If you were judging solely by the marketing, then you’d be forgiving for believing that It Comes At Night was a pretty straight forward horror film. The type with plenty of jump scares for groups of teenagers to scream at in delight. Sadly, for them, we can only imagine a few of those groups have gone home unhappy.
For It Comes At Night is a subtle piece of work. It’s focused on tension and paranoia, and while there might be a few things going bump in the night, they seem to be part of the feverish imagination of Travis (Kelvin Harrison Jr.) as he walks the halls of his house with only a lantern for light.
It’s also a film that relishes keeping things hidden from you. It’s set either in the near future or in an alternate reality, and the world has fallen afoul to some sort of plague. What caused it or how extensive the damage is we don’t know. All we see is Paul (Joel Edgerton), Sarah (Carmen Ejogo) and Travis surviving in their house in the woods, constantly on guard for an attack from other survivors.
Into that world, Will (Christopher Abbot) and Kim (Riley Keogh) are added alongside their young son. Originally, Will is discovered trying to break into the house, but after tying him to a tree, they discover he and his family have food while Paul and his have water. They decide to live together but that decision is a lot easier to make than trust is to form.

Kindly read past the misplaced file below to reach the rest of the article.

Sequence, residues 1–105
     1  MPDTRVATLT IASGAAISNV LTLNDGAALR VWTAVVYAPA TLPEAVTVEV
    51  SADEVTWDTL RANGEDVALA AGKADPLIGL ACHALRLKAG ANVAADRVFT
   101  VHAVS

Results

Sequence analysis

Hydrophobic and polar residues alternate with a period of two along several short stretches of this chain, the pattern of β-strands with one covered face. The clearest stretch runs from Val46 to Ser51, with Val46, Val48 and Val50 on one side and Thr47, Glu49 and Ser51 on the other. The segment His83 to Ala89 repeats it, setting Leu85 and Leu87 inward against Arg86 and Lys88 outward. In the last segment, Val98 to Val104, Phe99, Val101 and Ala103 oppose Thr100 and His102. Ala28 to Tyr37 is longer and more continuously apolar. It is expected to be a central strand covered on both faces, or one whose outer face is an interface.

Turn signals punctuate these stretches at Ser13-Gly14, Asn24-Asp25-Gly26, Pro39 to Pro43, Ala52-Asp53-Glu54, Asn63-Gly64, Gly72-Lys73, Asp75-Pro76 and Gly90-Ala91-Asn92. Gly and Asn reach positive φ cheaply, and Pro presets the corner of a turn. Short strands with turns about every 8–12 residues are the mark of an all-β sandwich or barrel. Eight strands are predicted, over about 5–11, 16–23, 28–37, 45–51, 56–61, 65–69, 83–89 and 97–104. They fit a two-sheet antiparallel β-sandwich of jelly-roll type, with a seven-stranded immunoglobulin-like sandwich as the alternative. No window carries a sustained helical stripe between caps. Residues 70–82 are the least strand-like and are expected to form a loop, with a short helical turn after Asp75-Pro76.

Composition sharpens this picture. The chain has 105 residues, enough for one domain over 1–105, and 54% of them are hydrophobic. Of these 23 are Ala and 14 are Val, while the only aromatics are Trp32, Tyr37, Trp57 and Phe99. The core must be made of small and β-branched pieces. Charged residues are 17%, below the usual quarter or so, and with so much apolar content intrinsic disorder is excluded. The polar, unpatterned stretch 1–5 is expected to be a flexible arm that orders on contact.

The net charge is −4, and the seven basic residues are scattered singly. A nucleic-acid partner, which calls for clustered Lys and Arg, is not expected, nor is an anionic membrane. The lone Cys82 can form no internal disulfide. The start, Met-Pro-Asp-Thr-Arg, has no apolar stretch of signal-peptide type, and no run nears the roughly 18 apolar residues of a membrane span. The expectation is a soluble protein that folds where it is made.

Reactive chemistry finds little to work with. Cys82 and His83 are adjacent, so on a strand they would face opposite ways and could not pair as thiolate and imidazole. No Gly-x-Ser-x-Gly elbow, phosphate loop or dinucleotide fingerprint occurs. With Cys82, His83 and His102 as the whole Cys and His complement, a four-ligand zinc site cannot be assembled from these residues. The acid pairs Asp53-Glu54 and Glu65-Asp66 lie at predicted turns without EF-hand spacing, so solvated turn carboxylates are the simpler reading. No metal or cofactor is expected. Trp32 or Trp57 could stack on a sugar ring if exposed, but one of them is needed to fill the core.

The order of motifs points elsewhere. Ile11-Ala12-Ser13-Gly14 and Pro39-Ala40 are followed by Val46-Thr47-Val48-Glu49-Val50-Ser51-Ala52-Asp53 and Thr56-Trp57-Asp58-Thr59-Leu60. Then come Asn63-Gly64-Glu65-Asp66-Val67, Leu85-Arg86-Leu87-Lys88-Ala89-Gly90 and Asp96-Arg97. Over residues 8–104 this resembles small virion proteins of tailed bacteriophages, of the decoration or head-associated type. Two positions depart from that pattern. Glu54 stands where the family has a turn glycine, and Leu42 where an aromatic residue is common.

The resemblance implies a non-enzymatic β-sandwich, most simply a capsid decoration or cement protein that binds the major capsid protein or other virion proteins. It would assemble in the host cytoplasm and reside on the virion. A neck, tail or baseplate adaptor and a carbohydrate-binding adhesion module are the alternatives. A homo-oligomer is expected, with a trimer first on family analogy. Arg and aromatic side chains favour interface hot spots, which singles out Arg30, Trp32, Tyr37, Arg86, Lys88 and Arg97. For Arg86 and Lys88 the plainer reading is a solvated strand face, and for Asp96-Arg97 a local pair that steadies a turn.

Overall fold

It’s a dynamic that allows Joel Edgerton to shine. He’s been on an impressive run of films recently, and he seems to be at his best when the tension is at its highest. You believe that there is a simmering anger lurking beneath the surface and that he will do anything to protect his family. Paul has adapted to this world, and he isn’t going to give up without a fight.
Less adept at this situation is Travis. Only seventeen he struggles to sleep at night, haunted by the decisions his family has had to make. As he prowls the house, we don’t know what’s real and what is a product of his sleep deprived mind. Director Trey Edward Shults has the screen contract, tightening the ratio and it brings with it a tightening of the audience lungs as they cling to the seat, desperate for the sun to come up.
It’s a touch which perhaps sums up this film’s strengths. It’s slow, and at times little is happening, but Shults is willing to wait. It’s a masterclass of design from the boarded up house with its long corridor that leads to the locked door and the potential horrors outside to the woods that surround it, filled with all kinds of invisible dangers. It may not be full of things going bump in the night, but like anyone living in the woods and on edge, you’ll soon begin to believe they are out there anyway.
Verdict: Hall Of Fame